Before even saying hello, the first thing to come out of my mother’s mouth was “I’m so proud of you.” Going home to Atlanta this time around, I felt a sense of urgency. I was not homesick or flying home for a holiday. It was my time to make a contribution to this country’s history. I was voting for the first time.
This whole year up until November 4, 2008 seemed to fly by. It felt like it was just last month that Barack Obama beat Hilary Clinton in the Iowa caucus. Or that last week, I was sitting in Cramton Auditorium listening to Obama making his acceptance speech to be the Democratic candidate for presidency. Or maybe it was yesterday that I applied for my absentee ballot. However, I applied for my ballot back in the beginning on August and again in the middle of October. I began feeling as if I would not be able to vote and slightly, I had begun to accept it.
The morning of November 3, 2008, I texted my cousin, who is also a Howard student. He had told me that AirTran had student tickets for only eighty dollars. On a whim, I asked if he would fly home with me to vote, and shortly before six o’clock that same day, the plane was landing at Hartsfield-Jackson Airport.
Although I knew my mother and grandmother were upset that I needed extra money to come home, they did not complain. My mother told me to be ready by six in the morning so that we could go get in line at the polling station. I, however, did not think this was necessary. In my community, the same people come to neighborhood watch meetings and PTA events, so I was not expecting a heavy turnout. When we pulled up to the church that we were to vote at, the line was nearly out of the parking lot.
An old woman in front of me asked me to hold her spot while she ran to the car. She came back with her reading glasses and said, “Without these, I would have voted for McCain.” Guys that normally would hang out on the corner a minute away from my house were in line behind me, frantically making phone calls to their friends, making sure they were on their way so that they could have a better spot in line.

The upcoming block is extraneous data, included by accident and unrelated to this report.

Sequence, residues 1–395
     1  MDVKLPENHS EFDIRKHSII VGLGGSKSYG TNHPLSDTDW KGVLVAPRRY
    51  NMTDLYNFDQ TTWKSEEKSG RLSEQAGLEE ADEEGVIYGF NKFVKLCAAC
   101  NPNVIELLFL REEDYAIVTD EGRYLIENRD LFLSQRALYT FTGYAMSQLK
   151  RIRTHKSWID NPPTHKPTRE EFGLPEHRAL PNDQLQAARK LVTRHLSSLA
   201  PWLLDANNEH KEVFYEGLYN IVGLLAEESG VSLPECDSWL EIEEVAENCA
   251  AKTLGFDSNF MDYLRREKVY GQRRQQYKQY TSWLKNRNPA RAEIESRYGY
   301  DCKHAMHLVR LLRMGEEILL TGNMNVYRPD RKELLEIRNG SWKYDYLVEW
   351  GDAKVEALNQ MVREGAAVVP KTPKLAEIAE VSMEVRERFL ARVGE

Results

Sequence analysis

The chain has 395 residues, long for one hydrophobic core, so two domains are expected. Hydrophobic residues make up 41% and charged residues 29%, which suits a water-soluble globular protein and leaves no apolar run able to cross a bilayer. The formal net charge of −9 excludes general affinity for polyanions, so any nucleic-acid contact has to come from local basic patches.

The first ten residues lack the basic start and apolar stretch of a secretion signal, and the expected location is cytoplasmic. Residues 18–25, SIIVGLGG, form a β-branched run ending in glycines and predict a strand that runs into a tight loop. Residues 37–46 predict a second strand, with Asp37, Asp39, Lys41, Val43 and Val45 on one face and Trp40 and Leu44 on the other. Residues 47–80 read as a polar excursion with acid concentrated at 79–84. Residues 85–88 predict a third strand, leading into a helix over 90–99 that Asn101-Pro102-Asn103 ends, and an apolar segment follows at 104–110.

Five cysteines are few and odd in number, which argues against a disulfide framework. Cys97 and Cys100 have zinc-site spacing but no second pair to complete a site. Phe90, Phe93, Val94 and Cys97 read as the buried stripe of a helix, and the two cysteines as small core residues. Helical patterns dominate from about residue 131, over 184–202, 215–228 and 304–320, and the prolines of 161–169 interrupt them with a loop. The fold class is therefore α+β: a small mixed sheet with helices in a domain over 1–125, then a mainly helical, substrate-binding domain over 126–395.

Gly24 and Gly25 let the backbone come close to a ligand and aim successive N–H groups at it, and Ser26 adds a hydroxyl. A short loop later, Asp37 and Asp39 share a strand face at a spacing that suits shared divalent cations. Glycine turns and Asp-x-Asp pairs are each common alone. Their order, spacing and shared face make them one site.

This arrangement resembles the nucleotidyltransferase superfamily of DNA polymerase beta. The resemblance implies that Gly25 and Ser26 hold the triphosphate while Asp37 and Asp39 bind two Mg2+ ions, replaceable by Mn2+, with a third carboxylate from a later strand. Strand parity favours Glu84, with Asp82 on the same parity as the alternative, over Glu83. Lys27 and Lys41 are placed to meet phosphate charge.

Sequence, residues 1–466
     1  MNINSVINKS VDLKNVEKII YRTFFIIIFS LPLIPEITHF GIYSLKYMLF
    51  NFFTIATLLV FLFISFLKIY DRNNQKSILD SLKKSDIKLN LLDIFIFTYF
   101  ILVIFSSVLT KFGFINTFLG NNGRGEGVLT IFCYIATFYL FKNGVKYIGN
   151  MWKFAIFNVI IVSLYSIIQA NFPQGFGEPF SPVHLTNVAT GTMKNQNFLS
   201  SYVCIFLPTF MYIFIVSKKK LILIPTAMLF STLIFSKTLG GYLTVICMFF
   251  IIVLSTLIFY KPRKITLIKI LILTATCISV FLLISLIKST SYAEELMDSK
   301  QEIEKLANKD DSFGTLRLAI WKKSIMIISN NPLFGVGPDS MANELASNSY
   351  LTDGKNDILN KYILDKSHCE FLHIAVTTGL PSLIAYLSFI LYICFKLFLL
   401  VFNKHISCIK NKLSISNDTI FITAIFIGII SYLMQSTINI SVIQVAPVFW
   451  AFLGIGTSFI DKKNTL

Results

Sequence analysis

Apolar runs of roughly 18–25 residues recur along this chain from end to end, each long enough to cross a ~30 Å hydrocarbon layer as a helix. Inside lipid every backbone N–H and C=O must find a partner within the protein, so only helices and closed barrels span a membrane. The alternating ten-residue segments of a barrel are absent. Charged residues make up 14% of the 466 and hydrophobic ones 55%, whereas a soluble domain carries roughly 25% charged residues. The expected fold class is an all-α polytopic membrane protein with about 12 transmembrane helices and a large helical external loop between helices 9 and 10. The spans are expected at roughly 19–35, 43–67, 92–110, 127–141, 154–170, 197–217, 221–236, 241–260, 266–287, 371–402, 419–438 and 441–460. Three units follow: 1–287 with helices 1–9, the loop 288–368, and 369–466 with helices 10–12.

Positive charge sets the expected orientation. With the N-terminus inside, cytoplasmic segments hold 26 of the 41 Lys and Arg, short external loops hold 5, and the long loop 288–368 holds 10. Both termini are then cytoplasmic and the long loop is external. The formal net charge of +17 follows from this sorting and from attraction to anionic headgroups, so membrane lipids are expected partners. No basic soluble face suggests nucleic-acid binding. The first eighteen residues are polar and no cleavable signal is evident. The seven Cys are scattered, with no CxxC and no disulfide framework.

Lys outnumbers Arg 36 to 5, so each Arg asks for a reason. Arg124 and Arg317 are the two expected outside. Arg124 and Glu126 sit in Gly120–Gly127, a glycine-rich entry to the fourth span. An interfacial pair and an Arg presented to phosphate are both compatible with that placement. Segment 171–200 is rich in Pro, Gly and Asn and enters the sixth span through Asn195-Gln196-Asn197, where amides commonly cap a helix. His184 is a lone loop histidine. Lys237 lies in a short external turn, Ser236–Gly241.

With the polls opening at 7 a.m., I was surprised that we got inside by eight, but then my luck ran out.
The man at the table told me that the computer showed that I had been issued an absentee ballot and I would not be able to vote. I argued and pleaded and came to the point of tears. They reluctantly said I could fill out a provisional ballot. I did it and got a sticker to prove I had voted, but once I got in the car with my mother, I broke down crying. I knew my vote would not count and I began fearing that I was not the only one who would run into this problem on this day.
The night of the election, listening to the CNN on XM radio on my flight back to D.C., I knew Barack Obama had an enormous lead over John McCain. I figured I could make it back to Howard University’s campus before the official announcement was made. One stop on the Metro train from Howard, a gentleman stepped on and began screaming about how Obama had already won. I felt excited and even more pressed to get back to campus. Walking on Georgia Avenue, all I heard were car horns and every car seemed to be playing the same song: Young Jeezy’s “My President is Black.”
I hurried and dropped my things off and ran up to the yard. It was crazier than homecoming. People had already lost their voices and did not care that it had started raining. We had a black president! I called my grandmother, who all that day was reluctant to celebrate before anything officially was announced. The things that she has seen over her 72 years have made her wary of American politics. “They can throw anything in the game”, she said. But this night, she too was rejoicing, “It feels the same as when Kennedy was elected.”
Looking back, I’d rather not know whether or not my vote counted, because to me it did. I took personal responsibility to have my voice heard in this country. Although Georgia was red for McCain, it does not matter. My candidate is going to the White House and because of people just like me; this country can look forward to change over the next four or eight (hopefully) years.